Low job control is associated with an increased risk of hypertension among men, says a study from the Institute for Work & Health and Institute for Clinical Evaluative Sciences.
Low job control is linked to an increased risk of hypertension (high blood pressure) among men, but not women. This was the key finding of a study by researchers at the Institute for Work & Health (IWH) and the Institute for Clinical Evaluative Sciences (ICES), published in the January/February issue of the Canadian Journal of Public Health (vol. 104, no. 1).
Job control refers to the ability to make decisions about the way work is done or skills are used in the job. The study found that, among men reporting low job control, 27 per cent were diagnosed with hypertension during a nine-year period. This compared to 18 per cent among men reporting high job control.
The study also found the proportion of cases of hypertension among men that could be attributed to low job control was 12 per cent—higher than the proportion of cases attributed to poor health behaviours, such as smoking and not getting enough exercise. Low job control was second only to obesity, to which 26 per cent of cases of hypertension among men could be attributed.
Primary prevention programs to reduce hypertension are largely aimed at changing unhealthy behaviours, says IWH Scientist Dr. Peter Smith, who led the research.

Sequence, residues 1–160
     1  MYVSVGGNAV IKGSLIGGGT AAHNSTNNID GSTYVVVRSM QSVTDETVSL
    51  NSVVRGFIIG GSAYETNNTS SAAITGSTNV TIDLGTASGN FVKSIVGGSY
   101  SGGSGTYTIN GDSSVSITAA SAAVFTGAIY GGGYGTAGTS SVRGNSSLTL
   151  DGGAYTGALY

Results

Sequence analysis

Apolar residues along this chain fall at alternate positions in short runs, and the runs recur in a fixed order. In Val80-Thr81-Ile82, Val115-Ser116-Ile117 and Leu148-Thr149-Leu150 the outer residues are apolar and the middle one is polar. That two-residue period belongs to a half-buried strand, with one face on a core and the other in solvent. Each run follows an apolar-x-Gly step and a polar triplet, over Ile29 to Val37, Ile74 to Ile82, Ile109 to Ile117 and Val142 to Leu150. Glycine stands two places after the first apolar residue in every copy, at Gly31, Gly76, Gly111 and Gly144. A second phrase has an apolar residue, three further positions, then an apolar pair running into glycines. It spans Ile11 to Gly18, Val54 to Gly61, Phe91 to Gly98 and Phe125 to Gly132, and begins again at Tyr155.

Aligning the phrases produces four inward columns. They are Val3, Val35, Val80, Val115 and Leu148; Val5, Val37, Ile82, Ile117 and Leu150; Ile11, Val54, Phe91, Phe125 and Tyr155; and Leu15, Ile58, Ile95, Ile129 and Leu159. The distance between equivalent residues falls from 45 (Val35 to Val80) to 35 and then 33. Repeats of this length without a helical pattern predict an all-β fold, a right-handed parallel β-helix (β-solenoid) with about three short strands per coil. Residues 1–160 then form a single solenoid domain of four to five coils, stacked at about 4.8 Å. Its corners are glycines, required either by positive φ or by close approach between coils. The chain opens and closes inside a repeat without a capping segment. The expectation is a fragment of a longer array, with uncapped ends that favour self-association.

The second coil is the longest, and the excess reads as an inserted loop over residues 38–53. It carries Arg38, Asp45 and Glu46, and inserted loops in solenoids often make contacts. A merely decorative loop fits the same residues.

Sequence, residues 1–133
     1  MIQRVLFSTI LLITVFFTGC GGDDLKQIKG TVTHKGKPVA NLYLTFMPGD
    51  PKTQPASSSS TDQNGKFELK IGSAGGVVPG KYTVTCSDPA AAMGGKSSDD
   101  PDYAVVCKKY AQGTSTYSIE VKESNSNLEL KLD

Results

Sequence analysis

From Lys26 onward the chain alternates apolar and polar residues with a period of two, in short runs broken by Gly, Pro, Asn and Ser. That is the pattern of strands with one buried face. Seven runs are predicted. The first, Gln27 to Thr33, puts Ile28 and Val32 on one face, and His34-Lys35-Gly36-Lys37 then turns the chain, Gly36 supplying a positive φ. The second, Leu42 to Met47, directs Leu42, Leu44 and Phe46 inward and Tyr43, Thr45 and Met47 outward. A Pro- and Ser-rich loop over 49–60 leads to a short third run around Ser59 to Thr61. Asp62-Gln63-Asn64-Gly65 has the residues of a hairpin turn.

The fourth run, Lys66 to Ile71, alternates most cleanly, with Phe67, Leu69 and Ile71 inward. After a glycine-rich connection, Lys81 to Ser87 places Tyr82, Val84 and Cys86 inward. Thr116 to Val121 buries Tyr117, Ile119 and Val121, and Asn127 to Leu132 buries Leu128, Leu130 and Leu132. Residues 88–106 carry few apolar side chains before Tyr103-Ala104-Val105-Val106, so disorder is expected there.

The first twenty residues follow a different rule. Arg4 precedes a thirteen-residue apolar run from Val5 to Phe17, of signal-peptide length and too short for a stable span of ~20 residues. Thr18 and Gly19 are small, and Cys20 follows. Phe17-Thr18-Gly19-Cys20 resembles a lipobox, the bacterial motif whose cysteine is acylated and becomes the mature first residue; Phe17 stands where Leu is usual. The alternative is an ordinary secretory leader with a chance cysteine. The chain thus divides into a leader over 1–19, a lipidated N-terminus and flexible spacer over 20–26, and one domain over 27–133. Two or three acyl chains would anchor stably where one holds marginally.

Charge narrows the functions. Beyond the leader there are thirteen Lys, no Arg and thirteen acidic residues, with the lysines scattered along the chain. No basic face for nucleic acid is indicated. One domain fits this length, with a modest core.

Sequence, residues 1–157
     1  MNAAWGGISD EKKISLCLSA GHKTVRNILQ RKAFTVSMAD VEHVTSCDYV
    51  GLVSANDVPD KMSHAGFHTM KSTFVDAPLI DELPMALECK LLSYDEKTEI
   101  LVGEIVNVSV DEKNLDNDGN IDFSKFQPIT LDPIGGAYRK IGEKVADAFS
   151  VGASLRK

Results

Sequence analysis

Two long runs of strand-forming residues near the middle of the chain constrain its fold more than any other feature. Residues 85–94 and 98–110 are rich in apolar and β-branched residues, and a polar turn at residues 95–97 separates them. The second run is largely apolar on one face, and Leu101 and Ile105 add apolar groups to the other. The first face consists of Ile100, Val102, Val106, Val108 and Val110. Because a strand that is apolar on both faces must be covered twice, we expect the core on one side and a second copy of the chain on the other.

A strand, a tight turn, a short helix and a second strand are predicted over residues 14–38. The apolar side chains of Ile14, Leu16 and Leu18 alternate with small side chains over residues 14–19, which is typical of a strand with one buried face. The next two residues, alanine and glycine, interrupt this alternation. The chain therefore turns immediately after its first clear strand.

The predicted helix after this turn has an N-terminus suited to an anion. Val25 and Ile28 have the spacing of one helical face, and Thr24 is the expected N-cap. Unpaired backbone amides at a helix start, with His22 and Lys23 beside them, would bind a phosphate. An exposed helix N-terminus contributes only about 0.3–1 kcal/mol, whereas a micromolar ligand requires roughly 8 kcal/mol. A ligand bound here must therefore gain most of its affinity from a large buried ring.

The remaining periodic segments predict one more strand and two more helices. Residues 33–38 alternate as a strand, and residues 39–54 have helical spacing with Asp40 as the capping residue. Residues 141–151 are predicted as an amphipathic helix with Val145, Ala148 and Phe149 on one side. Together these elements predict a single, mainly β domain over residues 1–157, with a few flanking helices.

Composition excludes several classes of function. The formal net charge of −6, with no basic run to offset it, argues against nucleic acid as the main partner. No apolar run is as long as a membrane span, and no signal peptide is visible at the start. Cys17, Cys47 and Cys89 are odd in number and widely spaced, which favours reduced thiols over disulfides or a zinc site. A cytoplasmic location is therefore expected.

But this study suggests that prevention strategies might also assess the potential for modifying work environments as a hypertension control intervention.
What those strategies should be remains unclear. As IWH President and Senior Scientist Cam Mustard points out, we don’t have solid evidence on how best to increase job control.
Furthermore, adds Mustard, a member of the study team,
we don’t yet have research to show interventions to increase job control would, indeed, lower the incidence of hypertension among men.
Hypertension is a risk factor for strokes and heart attacks, among other health ailments. Its prevention is a public health concern in Canada and other developed countries. In Ontario, the incidence of hypertension increased by 60 per cent from 1995 to 2005: from 153 to 244 cases per 1,000 Ontarians.
For details about the study, go to: www.iwh.on.ca/media/2013-feb-27. An earlier article by the same team found low job control is associated with an increased risk of diabetes among women, but not men. For more information on that study, see the Fall 2012 issue of At Work.
Source: At Work, Issue 72, Spring 2013: Institute for Work & Health, Toronto